China Flattening 700 Mountains To Build City

The Chinese are planning to move mountains to build a new city - literally.

According to one of the country’s biggest construction firms, 700 mountains will be flattened at a cost of £2.2bn to make way for the new city.

Five hundred square miles of land in the Lanzhou New Area, 50 miles from the city of Lanzhou, will be developed into a massive new development zone.

Local government officials, quoted by the state-run China Daily newspaper, claim it will increase the Gross Domestic Product in the area to £27bn in the next 17 years.

China has put renewed focus into the development of the country’s traditionally poor interior.

"The establishment of the Lanzhou New Area marks the country's latest effort to accelerate development of the western regions," Qin Yucai, a regional director for the National Development and Reform Commission, told a recent news conference in Beijing.

Lanzhou is 600 miles to the southwest of Beijing.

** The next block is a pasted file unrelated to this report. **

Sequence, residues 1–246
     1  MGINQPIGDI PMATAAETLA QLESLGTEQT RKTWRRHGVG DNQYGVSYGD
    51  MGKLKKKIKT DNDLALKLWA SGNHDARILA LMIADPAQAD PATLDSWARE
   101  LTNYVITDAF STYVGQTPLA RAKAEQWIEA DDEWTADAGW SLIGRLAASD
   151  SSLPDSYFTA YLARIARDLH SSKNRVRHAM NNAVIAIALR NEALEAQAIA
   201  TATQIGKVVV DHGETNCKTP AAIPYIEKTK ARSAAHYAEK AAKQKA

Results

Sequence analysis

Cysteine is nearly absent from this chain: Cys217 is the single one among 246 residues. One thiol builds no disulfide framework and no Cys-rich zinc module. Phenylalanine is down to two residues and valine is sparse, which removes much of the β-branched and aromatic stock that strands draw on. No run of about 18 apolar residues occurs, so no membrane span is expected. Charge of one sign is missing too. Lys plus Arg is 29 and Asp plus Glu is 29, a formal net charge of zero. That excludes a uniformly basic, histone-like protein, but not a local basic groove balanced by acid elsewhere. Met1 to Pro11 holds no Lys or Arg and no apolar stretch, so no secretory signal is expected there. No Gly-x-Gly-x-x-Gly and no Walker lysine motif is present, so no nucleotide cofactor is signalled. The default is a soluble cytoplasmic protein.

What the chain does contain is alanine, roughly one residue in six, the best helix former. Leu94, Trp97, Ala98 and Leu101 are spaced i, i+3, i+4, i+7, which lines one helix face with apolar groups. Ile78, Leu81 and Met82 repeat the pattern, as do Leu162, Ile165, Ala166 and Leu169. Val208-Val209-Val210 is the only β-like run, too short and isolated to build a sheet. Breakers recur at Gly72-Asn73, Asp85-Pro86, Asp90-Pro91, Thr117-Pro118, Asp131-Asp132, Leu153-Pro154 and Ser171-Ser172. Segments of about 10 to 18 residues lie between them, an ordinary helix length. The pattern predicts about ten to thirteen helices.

Lying on the Yellow River, it has long been described as the most polluted city in China. It retained that title last year in a World Health Organisation survey.

The city is also in an area of China which is particularly short of water, leading many critics to write the project off.

Unfazed by the criticism though, the developers have released a computer-animated video more than five minutes long in which their vision is realised.

The man behind the project is Yan Jiehe, a 52-year-old, who is one of China’s top five richest people.

The mountain-moving plan does prompt a certain sense of deja vu.

Fifteen years ago, in November 1997, Sky News visited Lanzhou and reported on identical plans to move hills, fill in valleys and flatten the land for construction.

The scale was smaller but the idea behind it was identical.

The claim back then was that this would improve the environment by allowing the east wind to blow across the newly flattened land.

But it doesn’t seem to have worked. The city was the most polluted place in China in 1997 and it still is.